Last week I talked about Kuvan being a treatment for PKU. I'm a responder to Kuvan and I can speak to how well it works for me!
Pegvalise is another treatment for PKU, however I've never tried it, so everything below will just be information I've heard from other people or read online about it, as I have no personal experience with it. This is merely an information hub for those who are looking for information about it, or to inform people who don't have PKU about the different options that are available to us!
"Pegvaliase is a medication for the treatment of the genetic disease phenylketonuria. Chemically, it is a pegylated derivative of the enzyme phenylalanine ammonia-lyase that metabolizes phenylalanine to reduce its blood levels. It was approved by the Food and Drug Administration for use in the United States in 2018."
That's a lot of big words. Basically, it's an injection that helps lower blood levels in PKU patients by providing therapy to the enzyme. (See my blog post on blood levels titled "I am NOT afraid of needles"!) The company that distributes Pegvaliase is called Palynziq.
The drug is administered through many at home injections. There are a lot of different side effects that come from this drug just like every other medication, however I've heard of many people having to take allergy medicine with their Palynziq because of the anaphylactic shock that comes with each injection.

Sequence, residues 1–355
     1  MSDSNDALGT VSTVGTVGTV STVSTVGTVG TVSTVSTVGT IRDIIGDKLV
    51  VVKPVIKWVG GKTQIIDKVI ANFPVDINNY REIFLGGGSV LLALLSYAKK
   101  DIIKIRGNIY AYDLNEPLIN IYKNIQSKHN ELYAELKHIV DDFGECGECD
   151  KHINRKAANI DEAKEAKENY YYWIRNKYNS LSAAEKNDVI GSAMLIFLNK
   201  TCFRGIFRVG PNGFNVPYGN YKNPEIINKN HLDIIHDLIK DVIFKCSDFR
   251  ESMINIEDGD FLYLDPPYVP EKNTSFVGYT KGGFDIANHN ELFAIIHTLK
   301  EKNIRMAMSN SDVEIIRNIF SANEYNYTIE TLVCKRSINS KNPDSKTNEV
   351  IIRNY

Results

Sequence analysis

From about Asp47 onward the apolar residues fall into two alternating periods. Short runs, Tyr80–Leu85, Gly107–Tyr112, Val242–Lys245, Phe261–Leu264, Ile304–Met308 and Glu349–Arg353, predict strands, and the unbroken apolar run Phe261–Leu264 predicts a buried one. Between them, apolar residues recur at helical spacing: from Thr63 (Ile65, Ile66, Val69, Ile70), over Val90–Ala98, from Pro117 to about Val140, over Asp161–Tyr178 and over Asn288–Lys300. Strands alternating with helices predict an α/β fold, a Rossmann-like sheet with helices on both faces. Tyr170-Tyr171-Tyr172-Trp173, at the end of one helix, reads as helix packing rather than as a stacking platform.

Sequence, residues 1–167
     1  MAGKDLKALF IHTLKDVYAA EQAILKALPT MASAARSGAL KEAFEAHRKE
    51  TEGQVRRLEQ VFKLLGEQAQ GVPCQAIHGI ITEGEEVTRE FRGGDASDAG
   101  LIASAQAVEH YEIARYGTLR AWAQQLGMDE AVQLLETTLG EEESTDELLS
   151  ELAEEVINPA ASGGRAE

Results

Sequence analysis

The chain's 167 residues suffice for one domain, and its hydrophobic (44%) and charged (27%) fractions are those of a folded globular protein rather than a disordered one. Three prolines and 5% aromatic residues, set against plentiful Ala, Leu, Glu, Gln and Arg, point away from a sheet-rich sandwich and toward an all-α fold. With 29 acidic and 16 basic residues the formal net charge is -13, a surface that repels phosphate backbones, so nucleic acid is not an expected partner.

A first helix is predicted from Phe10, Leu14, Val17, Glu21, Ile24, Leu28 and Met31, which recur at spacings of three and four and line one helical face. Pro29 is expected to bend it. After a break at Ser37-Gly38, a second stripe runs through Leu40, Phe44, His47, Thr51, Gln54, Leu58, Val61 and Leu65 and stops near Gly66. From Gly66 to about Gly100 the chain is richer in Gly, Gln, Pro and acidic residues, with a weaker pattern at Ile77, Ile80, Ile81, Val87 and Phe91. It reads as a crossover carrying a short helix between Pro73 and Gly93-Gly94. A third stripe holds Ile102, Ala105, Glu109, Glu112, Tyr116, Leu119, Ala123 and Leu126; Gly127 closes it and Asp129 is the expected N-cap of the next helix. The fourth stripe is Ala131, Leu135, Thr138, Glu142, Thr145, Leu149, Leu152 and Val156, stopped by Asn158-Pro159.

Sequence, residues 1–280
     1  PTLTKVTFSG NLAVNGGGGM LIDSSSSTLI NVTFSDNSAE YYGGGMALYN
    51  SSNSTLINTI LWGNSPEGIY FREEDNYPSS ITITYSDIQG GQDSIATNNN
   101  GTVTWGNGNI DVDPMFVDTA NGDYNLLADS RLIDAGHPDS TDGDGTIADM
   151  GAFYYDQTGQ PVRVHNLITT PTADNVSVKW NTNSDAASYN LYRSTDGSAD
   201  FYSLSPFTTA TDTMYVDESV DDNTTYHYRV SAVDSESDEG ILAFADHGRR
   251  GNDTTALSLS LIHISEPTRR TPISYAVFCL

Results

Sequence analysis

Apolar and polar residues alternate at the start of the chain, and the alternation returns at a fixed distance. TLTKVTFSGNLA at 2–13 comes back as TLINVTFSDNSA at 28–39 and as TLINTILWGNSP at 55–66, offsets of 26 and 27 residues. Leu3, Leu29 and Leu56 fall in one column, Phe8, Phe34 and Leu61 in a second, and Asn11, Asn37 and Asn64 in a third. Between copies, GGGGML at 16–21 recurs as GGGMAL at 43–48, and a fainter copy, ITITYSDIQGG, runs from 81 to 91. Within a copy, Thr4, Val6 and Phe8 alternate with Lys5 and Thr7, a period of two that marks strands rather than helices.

Although it is approved in the United States, it has not yet been approved in Canada, which may be partly why I haven't tried it yet. There is a lot of politics that comes with new drugs trying to be incorporated into active treatment of not just PKU patients, but any patient needing drugs for treatment. There are many tests that drug companies have to do and a lot of hoops to jump through before it is approved in a certain country.
The financial post states: "No clinical trials for Palynziq took place in Canada and Canada will not be in the next set of countries for Palynziq marketing applications, as Kuvan was and other new drugs for both common and rare disorders often are. The reason: delayed or no Kuvan reimbursement in Canada and the obligation to provide Kuvan to trial patients for many years to come."
As I read the testimonies of people who have tried it, it seems that a lot of people take a long time to start responding. If you read my Kuvan blog post, you'll remember that it only took me 3 days for my levels to drop significantly. It sounds like most people respond to this type of treatment, it's just a matter of how long it takes to do so. This is a benefit for people who don't respond to Kuvan, because only certain kinds of PKU patients respond to it.
As I said my knowledge of Palynziq is pretty limited so if you have experienced Palynziq drop some information in the comments to help each other out!
In the meantime, check out this link for more information: